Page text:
Edward and Marie Howland, who had studied first-hand the planned community of the Familistere in France and furthered the cause of the co-operative society in the U.S., would end their stay in South Jersey after 20 years for the prospects of a communal system that had been set up on the western coast of Mexico in the port town of Topolobampo.
Patricia Martinelli, curator at the Vineland Historical and Antiquarian Society, recently unearthed an 1897 issue of the Kansas City Times featuring an extensive interview with Marie Howland that provides an inside look at the Mexican colony in which she and her husband lived for a short period as well as an account of how they were drawn there.
The Topolobampo Pacific City colony was the vision of Albert Kinsey Owen, described by Marie Howland in the 1897 interview as “a young civil engineer, engaged in drainage work in the City of Mexico [who] had written pamphlets about Topolobampo and its advantageous location on the Gulf of California.” He was the son of a Civil War surgeon from Chester, Pennsylvania who provided Albert with a good education and money. His talents, Howland said, included “persuading others to his way of thinking.”
The Howlands discovered Owen through pamphlets he circulated nationwide after the establishment of the first Topolobampo colony in 1885. “We were living in Hammonton, N.J.,” Marie told the Kansas City Times. “…Mr. Howland was at that time conducting a large conservatory [greenhouse] in Hammonton. His health was not of the best and this was a congenial pursuit…Becoming enthused by one of Owen’s pamphlets we turned the conservatory into a printing office. For three years, we published a paper in the interest of the Topolobampo scheme. Only one plant did we leave to grow in the glass covered structure where thousands of beautiful flowers had been grown. That was the Mexican century plant.”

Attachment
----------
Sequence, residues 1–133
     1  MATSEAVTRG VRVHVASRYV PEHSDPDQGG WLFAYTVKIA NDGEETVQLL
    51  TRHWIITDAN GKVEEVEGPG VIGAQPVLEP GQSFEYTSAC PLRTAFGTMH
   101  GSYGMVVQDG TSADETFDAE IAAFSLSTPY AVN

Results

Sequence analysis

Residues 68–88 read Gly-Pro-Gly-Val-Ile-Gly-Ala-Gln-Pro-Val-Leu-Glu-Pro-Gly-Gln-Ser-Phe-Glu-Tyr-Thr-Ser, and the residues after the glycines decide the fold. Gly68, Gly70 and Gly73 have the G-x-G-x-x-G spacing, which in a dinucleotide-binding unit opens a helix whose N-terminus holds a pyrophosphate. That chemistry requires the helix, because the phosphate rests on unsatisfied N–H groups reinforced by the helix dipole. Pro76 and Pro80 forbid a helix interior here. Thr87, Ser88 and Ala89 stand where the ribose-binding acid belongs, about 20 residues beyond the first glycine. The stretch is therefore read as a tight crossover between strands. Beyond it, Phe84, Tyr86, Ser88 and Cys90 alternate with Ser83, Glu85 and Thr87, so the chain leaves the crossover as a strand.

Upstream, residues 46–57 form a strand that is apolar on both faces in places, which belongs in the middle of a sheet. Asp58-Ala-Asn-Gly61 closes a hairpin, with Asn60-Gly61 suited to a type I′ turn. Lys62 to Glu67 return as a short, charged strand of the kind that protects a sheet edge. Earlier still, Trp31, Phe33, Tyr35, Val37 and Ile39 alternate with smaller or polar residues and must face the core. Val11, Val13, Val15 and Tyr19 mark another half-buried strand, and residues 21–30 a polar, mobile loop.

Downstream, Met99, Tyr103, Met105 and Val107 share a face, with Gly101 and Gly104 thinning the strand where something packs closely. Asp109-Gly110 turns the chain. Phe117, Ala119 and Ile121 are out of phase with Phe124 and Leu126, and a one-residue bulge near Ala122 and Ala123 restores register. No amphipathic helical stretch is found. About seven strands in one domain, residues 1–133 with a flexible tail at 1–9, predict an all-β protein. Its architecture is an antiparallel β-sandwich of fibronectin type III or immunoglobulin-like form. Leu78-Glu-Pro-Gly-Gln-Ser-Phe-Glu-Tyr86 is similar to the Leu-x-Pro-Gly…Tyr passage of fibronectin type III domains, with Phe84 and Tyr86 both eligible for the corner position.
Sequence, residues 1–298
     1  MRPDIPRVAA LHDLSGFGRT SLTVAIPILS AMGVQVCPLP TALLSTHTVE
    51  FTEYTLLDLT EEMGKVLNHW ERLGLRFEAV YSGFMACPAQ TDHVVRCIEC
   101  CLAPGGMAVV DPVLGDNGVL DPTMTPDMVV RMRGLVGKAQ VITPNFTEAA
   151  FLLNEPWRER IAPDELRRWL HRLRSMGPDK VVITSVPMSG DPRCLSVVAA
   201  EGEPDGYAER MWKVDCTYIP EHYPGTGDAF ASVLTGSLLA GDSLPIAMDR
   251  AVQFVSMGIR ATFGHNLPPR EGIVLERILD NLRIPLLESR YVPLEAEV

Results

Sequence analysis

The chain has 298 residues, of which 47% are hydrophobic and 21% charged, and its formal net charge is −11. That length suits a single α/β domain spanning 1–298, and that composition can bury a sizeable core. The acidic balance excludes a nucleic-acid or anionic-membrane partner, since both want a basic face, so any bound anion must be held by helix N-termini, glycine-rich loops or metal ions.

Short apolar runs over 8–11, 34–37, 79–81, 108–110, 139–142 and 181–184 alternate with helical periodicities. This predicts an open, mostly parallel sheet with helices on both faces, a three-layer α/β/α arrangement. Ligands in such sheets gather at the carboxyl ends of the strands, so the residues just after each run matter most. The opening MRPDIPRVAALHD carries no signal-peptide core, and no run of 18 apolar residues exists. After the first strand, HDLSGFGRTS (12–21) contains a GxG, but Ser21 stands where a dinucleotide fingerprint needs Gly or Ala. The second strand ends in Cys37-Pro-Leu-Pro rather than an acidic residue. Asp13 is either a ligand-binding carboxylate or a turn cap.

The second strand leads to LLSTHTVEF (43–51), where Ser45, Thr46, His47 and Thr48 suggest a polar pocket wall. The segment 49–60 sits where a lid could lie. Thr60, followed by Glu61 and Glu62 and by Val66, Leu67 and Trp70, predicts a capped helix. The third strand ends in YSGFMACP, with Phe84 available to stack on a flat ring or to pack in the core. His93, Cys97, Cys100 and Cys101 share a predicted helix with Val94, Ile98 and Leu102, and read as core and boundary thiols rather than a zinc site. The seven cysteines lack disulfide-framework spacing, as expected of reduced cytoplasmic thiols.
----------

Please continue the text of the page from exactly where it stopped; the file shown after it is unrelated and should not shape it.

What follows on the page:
The couple departed Hammonton in 1888 for Mexico, traveling with what Howland describes as “a small party.” Arriving at Topolobampo, they discovered that the community already had 200 residents living in several camps that comprised the colony. The Howlands settled into one of the camps and quickly established a publication called Credit Foncier of Sinaloa, which was printed until around 1893 and sported a masthead quoting the colony’s founder: “Collective ownership and management for public utilities and conveniences—the community responsible for the health, usefulness, individuality and security of each.”
Howland’s comments during her 1897 interview are evidence of the disenchantment she and her husband experienced after arriving at Topolobampo, and she is far from reluctant in placing the reason for the colony’s failure at the feet of its founder. “Mr. Owen, promoter and organizer, seemed to care little for the interests of the colony,” she told the newspaper. “He was seldom in Topolobampo himself, but was absent, trying to interest capital in the construction of the road across the country.”
The road Howland refers to is a rail line that Owen was convinced could transform his port community into a major trade center. According to Howland, Owen “pointed out that [Topolobampo] was on the direct line of the shortest route around the world by way of the great cities…He argued…that eventually most of the world’s traffic would have to go by a route very close to Topolobampo.”
Howland attributed a portion of the colony’s failure to Owen’s insistence “to secure a railway across Mexico or [to] fund a branch to connect with the Mexican Central [Railroad] and it was his persistence in this direction to the neglect of the colony that, we feel, prevented its success…the people felt he had abandoned their interest and cared for the railroad only.”
Next Week: Disillusioned